November 16, 2017
"The ABA cannot make liberal arguments to the nine members of the Supreme Court and then walk across the street and seriously expect that the hundred members of this body, in the United States Senate will be treating them like unbiased appraisers."
U.S. Senator Ben Sasse, a member of the Senate Judiciary Committee, spoke on the Senate floor about the ABA’s history of liberal advocacy.
Text of the Senator's speech is available below:
Mr. President, the consideration of federal judges with lifetime appointments is perhaps the most important and long-lasting work this body will do between now and the end of the year. Every senator, Republican and Democrat, took an oath to perform this duty. Nobody took an oath to outsource this duty to any outside organization. Unfortunately, some of my colleagues on the Senate Judiciary Committee are apparently willing to hand over their voting cards to the American Bar Association based on the claim that the ABA is an unbiased, indifferent umpire that just calls balls and strikes.
The American Bar Association is not neutral. The ABA is a liberal organization that has publicly and consistently advocated for left-of-center positions for more than two decades now. The ABA has no right to special treatment by members of this body. It's pretty simple -- if you're playing in the game, you don't get to cherry pick who the referees are. Take just for a moment a look at the amicus briefs that they have filed in recent years.
In district of Columbia v. Heller, the ABA supported denying an individual their constitutional right to keep and bear arms.
In the Christian Legal Society v. Martinez, the ABA supported forcing Christian organizations on campuses to accept members that reject their faith.
In Medellin v. Texas, the ABA forced states to recognize the judgments of the World Court in order to stop the execution of a gruesome murderer.
In United States v. Windsor, the ABA supported the recognition of same-sex marriage through judicial fiat rather than through legislative debate.
In Arizona v. United States, the ABA supported a constitutional ban on state and local law enforcement assisting and enforcing federal immigration laws, and the list goes on.
In each of these cases, the ABA decided to wade into divisive and contentious issues. This is their right, indeed, but it is definitely not neutral. In each of these cases and many more, the ABA took what can only be described as left-of-center positions. In each of these cases, the ABA was picking a side.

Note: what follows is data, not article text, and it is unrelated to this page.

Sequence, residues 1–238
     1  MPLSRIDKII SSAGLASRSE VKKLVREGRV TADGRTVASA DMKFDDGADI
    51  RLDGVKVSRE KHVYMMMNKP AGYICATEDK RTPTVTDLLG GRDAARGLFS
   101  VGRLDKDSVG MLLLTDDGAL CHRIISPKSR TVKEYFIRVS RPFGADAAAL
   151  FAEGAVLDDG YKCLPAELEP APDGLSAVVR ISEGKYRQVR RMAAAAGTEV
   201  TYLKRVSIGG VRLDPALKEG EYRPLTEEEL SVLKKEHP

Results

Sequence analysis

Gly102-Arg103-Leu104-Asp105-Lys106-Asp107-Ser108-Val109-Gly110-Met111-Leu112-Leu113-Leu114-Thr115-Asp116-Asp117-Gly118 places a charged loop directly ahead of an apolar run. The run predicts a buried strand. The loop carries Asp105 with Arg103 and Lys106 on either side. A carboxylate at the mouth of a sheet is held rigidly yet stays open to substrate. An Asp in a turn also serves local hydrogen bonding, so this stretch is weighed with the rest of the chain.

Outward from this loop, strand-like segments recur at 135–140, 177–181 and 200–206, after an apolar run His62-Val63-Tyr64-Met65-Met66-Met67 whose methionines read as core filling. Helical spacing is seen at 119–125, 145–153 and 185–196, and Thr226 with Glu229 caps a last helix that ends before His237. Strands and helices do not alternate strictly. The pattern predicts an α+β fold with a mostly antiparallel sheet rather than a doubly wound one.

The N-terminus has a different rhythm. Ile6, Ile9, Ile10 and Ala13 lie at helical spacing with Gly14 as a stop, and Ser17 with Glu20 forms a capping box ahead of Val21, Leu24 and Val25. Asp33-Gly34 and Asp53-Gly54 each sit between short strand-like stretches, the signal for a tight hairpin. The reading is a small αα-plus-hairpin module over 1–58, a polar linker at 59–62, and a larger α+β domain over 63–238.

Again, to be clear, they are absolutely allowed to do this. It is what makes this country great. But it's laughably naive to suggest that they are an objective and neutral organization. They are not. The ABA cannot make liberal arguments to the nine members of the Supreme Court and then walk across the street and seriously expect that the hundred members of this body in the United States Senate will be treating them like unbiased appraisers.
That is essentially what Attorney General Bill Barr said in 1992 when the ABA first began to openly take pro-abortion positions, which, by the way, led to thousands of members quitting in protest because those members knew that the ABA claims to neutrality about political issues were no longer even possibly defensible. Then U.S. Attorney General Bill Barr commented on the ABA's pro-abortion advocacy at the time, and I quote, “by adopting the resolution and thereby endorsing one side of this debate, the ABA will endanger the perception that it is an impartial and objective association.”
Twenty-five years later, Barr's words were right. His words ring true. Again, I want to be perfectly clear. The ABA is allowed to have any view that its members want to have, and they are allowed to advocate and to protest on behalf of those views and on behalf of their members. This is America, and that's exactly what the first amendment is about.
That is fine, but what's not fine is that the ABA, which is a liberal advocacy organization, would masquerade as a neutral and objective evaluator of judicial candidates. The ABA cannot take blatantly liberal positions on the one hand and then masquerade as a neutral party on the other and then demand a special seat at the table in the Senate Judiciary Committee and in the Senate, in this body, to try to tell us who is and isn't supposedly qualified to be a judge.
Just like the ABA has every right to advance its liberal policy positions, every senator has the right and indeed the duty to give our advice and consent on judicial nominees.
If senators decide that they like and value the ABA's policy positions and they like and value the ABA's ratings, they are free to give them due deference and consideration. But don't hide behind it. Don't pretend that the ABA is something that it is not. Do not ignore the facts of what the ABA has become. The American people deserve honesty, not thinly veiled partisanship.